MicroRNA-378-mediated suppression of Runx1 alleviates the aggressive phenotype of triple-negative MDA-MB-231 human breast cancer cells
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The Runx1 transcription factor, known for its essential role in normal hematopoiesis, was reported in limited studies to be mutated or associated with human breast tumor tissues. Runx1 increases concomitantly with disease progression in the MMTV-PyMT transgenic mouse model of breast cancer. Compelling questions relate to mechanisms that regulate Runx1 expression in breast cancer. Here, we tested the hypothesis that dysregulation of Runx1-targeting microRNAs (miRNAs) allows for pathologic increase of Runx1 during breast cancer progression. Microarray profiling of the MMTV-PyMT model revealed significant downregulation of numerous miRNAs predicted to target Runx1. One of these, miR-378, was inversely correlated with Runx1 expression during breast cancer progression in mice and in human breast cancer cell lines MCF7 and triple-negative MDA-MB-231 that represent early- and late-stage diseases, respectively. MiR-378 is nearly absent in MDA-MB-231 cells. Luciferase reporter assays revealed that miR-378 binds the Runx1 3′ untranslated region (3′UTR) and inhibits Runx1 expression. Functionally, we demonstrated that ectopic expression of miR-378 in MDA-MB-231 cells inhibited Runx1 and suppressed migration and invasion, while inhibition of miR-378 in MCF7 cells increased Runx1 levels and cell migration. Depletion of Runx1 in late-stage breast cancer cells resulted in increased expression of both the miR-378 host gene PPARGC1B and pre-miR-378, suggesting a feedback loop. Taken together, our study identifies a novel and clinically relevant mechanism for regulation of Runx1 in breast cancer that is mediated by a PPARGC1B-miR-378-Runx1 regulatory pathway. Our results highlight the translational potential of miRNA replacement therapy for inhibiting Runx1 in breast cancer.
KeywordsMiR-378 Runx1 Breast cancer MMTV-PyMT Invasion Migration
This work was supported by the National Cancer Institute (Nos. P01 CA082834 and R03 CA167726), National Institute of Arthritis and Musculoskeletal and Skin Diseases (No. R01 AR039588), National Institute of Dental and Craniofacial Research (No. R37 DE012528), Pfizer (WS2049100), and grants from the University of Vermont Cancer Center and Lake Champlain Cancer Research Organization. The microarray research reported was supported by the National Institute of General Medical Sciences (No. P20 GM103449). The authors thank all members of our laboratories, especially Philip W. L. Tai, for valuable suggestions throughout the study. The authors are grateful to the UVM Cancer Center Advanced Genome Technologies Core, supported by UVM Cancer Center, Lake Champlain Cancer Research Organization, and the UVM College of Medicine for data pertaining to cell line authentication, as well as the Vermont Genetics Network Microarray Facility for miRNA target preparation, hybridization, and scanning processing. The authors are also grateful to the Molecular Bioinformatics Shared Resource of the University of Vermont College of Medicine for microarray data analysis. Finally, the authors thank the Advanced Genome Technologies Core Massively Parallel Sequencing Facility for sequencing data. The contents of this manuscript are solely the responsibility of the authors and do not necessarily represent the official views of the NIH.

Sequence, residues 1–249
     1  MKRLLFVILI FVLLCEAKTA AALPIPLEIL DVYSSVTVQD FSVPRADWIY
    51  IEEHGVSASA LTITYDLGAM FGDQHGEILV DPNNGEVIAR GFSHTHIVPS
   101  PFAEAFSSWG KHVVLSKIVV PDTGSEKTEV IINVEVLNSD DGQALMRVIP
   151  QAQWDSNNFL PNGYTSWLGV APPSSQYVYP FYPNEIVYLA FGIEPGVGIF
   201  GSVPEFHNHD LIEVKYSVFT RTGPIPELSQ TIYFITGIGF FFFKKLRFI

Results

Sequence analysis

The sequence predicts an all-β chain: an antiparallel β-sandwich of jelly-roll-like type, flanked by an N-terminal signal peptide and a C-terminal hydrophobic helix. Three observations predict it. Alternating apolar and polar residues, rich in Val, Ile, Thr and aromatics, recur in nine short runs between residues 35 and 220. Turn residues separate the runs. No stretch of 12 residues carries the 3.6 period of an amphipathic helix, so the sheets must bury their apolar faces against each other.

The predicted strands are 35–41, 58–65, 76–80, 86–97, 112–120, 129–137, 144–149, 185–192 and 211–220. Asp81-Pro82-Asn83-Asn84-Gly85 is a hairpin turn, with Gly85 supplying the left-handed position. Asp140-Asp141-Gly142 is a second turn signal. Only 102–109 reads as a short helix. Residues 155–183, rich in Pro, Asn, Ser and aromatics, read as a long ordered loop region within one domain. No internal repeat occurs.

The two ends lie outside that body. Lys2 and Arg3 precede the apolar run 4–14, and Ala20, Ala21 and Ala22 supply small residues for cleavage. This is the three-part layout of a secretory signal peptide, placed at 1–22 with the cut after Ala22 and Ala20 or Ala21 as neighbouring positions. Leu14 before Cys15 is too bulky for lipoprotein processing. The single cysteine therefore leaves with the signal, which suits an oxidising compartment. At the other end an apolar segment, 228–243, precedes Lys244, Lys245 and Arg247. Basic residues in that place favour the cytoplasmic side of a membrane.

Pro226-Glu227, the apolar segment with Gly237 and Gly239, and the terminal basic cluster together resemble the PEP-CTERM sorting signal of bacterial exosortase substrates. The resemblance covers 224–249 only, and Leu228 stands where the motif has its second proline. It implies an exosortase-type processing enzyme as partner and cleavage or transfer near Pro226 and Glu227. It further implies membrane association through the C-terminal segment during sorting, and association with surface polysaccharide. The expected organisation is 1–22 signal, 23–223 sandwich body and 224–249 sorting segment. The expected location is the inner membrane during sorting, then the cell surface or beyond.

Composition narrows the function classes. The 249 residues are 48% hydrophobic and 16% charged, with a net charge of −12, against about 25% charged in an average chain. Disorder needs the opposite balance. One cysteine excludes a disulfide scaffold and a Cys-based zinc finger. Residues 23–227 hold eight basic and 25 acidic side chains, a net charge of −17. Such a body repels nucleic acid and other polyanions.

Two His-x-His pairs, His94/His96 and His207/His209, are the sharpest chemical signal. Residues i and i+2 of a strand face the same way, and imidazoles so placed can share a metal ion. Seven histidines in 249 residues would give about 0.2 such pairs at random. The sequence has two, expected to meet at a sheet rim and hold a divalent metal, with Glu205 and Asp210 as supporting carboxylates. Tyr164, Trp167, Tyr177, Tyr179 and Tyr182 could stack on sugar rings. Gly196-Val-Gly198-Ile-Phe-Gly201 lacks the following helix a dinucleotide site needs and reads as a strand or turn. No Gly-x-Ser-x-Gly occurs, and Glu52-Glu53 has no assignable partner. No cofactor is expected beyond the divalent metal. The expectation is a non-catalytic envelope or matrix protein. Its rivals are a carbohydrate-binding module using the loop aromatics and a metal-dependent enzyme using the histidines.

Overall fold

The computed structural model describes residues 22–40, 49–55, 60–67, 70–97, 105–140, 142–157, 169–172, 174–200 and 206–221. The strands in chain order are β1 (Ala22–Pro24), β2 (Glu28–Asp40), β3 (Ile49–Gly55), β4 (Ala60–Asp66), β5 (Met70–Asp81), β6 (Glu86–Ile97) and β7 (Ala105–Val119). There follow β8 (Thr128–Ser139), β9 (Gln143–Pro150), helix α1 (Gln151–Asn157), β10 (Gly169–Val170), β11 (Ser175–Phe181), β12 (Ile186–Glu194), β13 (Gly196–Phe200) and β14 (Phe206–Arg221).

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All applicable international, national, and/or institutional guidelines for the care and use of animals were followed.
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